11 April 2016 Edition
NAMA jewel thieves go free
Missed opportunity to democratise housing development in Ireland
The vultures are circling, and the last group considered in NAMA’s operations are the Irish people
‘VULTURES’ AND ‘PEOPLE’ are the two words you won’t find on the website of the National Asset Management Agency (NAMA). Yet, as NAMA enters the final years of operations, these are the key terms many are using to describe its impacts. The vultures are circling, and the last group considered in the agency’s operations are the Irish people.
Set up in 2009, NAMA was the supposed solution to sort out the multibillion euro property loans pulling Irish banks into a chasm of unmanageable debt. The Irish Government and the taxpayer would take over the loans through this new agency.
The business of NAMA was simple. Five banks had lent €74.4billion in 15,000 loans to 800 debtors. NAMA would sell off whatever assets there were behind these debts, whether it was ghost estates, hotels, development land or unfinished offices. NAMA got a head-start when it took over these loans because 57% of the value was written off. So, on their balance sheet, the loans are only worth €31.8billion.
Two thirds of the NAMA properties were in the 26 Counties, 6.2% were in the Six Counties, 20.7% in Britain, and other assets were in the USA plus Germany and other EU states.
In the intervening years, NAMA has been busy with sales. It gives names to particular schemes. We had Project Arch, Project Arrow, and the controversial €1.24billion Project Eagle property portfolio in the North.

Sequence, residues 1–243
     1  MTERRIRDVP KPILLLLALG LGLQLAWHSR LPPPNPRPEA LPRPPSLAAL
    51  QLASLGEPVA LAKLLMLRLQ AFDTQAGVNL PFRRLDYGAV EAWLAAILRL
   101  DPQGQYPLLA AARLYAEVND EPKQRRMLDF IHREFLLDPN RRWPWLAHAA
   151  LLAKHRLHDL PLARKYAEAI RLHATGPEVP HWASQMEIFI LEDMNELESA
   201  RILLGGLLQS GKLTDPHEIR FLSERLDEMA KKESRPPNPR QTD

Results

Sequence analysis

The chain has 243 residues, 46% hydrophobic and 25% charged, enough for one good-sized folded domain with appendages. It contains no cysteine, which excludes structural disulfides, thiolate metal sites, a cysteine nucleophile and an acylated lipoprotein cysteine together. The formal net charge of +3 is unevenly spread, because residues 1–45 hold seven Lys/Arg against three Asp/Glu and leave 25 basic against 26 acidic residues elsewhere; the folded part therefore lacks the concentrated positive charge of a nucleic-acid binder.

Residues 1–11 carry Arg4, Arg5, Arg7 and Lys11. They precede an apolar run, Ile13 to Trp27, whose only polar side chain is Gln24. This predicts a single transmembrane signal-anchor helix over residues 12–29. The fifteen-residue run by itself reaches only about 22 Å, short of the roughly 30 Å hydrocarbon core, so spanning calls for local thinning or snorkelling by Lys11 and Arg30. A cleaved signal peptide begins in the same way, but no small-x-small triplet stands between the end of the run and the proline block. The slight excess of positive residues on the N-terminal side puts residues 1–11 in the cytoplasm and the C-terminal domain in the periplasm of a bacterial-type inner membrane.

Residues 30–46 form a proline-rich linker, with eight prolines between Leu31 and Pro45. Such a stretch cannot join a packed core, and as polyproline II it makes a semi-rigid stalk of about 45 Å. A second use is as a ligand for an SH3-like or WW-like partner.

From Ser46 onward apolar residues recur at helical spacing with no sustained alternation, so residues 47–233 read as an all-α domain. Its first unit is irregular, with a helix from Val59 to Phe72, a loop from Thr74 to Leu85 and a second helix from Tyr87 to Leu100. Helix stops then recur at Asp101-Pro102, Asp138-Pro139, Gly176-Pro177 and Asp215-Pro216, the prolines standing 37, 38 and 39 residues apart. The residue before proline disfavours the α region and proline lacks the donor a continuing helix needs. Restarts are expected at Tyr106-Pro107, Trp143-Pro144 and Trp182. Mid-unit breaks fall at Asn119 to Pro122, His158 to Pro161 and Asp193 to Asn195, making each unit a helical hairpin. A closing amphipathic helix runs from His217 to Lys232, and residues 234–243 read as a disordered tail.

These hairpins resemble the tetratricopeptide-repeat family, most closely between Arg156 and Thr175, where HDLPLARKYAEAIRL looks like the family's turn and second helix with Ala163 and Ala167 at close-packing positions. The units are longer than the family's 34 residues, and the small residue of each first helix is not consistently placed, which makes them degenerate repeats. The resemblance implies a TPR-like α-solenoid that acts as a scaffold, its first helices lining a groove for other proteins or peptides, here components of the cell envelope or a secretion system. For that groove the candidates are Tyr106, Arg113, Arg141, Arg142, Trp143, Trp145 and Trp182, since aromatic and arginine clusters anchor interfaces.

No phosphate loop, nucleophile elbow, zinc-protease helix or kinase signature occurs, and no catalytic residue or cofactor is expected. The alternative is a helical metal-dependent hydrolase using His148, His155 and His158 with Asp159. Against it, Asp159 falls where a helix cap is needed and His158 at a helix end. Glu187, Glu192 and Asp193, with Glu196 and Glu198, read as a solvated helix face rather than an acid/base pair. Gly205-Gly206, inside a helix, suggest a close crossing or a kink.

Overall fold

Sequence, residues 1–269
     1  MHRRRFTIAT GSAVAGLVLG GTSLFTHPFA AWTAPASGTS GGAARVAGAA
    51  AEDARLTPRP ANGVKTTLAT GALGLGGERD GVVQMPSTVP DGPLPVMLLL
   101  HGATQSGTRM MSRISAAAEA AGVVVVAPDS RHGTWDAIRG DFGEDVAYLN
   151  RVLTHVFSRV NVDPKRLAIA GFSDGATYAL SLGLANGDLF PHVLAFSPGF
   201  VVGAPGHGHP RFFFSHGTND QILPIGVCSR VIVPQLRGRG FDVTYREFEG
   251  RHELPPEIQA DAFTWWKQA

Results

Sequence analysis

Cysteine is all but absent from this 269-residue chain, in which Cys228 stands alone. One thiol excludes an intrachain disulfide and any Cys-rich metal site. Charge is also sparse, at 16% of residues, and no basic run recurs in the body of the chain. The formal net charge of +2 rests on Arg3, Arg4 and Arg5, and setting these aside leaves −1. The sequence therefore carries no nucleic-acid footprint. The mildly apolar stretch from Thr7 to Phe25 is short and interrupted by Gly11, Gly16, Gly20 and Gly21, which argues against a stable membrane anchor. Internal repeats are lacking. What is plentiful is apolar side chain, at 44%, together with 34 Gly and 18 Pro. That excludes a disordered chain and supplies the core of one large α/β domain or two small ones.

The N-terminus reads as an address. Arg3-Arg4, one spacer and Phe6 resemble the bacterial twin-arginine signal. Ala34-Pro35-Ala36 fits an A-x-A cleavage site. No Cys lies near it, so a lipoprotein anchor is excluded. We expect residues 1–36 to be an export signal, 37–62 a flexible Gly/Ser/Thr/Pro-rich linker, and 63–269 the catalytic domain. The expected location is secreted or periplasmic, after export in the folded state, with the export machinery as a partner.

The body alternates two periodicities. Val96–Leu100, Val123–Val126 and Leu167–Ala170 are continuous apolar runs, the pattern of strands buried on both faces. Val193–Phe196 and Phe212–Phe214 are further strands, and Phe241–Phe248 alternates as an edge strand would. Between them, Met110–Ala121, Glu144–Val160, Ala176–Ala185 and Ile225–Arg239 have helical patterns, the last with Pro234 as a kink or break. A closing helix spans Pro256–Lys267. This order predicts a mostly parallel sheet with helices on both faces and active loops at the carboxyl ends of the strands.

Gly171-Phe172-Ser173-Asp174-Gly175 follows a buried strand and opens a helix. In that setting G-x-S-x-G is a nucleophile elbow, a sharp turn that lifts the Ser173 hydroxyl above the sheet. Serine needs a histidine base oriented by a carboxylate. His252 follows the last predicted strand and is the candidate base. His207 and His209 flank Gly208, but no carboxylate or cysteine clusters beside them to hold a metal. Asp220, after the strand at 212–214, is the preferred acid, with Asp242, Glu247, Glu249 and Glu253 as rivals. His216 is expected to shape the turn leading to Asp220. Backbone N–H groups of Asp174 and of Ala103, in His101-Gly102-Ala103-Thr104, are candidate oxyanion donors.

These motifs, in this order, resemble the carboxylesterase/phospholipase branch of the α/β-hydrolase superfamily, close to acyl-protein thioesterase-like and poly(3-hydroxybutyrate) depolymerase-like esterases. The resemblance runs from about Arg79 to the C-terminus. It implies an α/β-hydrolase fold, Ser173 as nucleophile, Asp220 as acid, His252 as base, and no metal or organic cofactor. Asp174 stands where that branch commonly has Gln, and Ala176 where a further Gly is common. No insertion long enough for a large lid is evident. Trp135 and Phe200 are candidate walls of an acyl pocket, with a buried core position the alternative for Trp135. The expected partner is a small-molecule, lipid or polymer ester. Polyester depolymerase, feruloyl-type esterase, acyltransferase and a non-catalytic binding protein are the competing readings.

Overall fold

The last two NAMA portfolios are called Project Emerald and Ruby. After this, all the jewels will be gone.
Regarding Project Eagle, it is still unclear why Fine Gael Finance Minister Michael Noonan did not halt the sale when his office learned of the questionable fees being paid as part of the deal or why he did not allow NAMA officials to present themselves to the Northern Assembly Finance Committee who were investigating the property sale to US company Cerberus.
Of the 800 debtors, the majority of the debt was held by just 50 individual property developers. This disclosure echoes a claim made by Bertie Ahern in the last decade that the potential development land in Dublin was owned by just 21 developers.
What Bertie Ahern didn’t admit to at the time was that his and other governments had allowed this clique of private developers – whose only motive is short-term, quick gains – to dictate housing policy in Ireland. The inception of NAMA presented an opportunity to reverse this trend.
• Acting Finance Minister Michael Noonan, Acting Environment Minister Alan Kelly and Former Taoiseach Bertie Ahern
With the stroke of a pen, prime real estate and development land all over Ireland was now effectively under the control of the Irish Government. Yet the years of NAMA’s operations have coincided with an absence of a Government housing strategy.